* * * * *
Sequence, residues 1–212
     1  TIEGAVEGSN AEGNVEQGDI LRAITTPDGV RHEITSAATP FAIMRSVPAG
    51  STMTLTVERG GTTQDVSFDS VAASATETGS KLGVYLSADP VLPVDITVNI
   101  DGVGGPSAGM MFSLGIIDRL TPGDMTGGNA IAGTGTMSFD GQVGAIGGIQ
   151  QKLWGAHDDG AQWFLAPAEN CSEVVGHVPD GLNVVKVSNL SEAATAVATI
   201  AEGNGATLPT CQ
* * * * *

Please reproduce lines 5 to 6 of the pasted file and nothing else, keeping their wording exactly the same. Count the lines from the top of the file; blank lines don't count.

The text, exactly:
   151  QKLWGAHDDG AQWFLAPAEN CSEVVGHVPD GLNVVKVSNL SEAATAVATI
   201  AEGNGATLPT CQ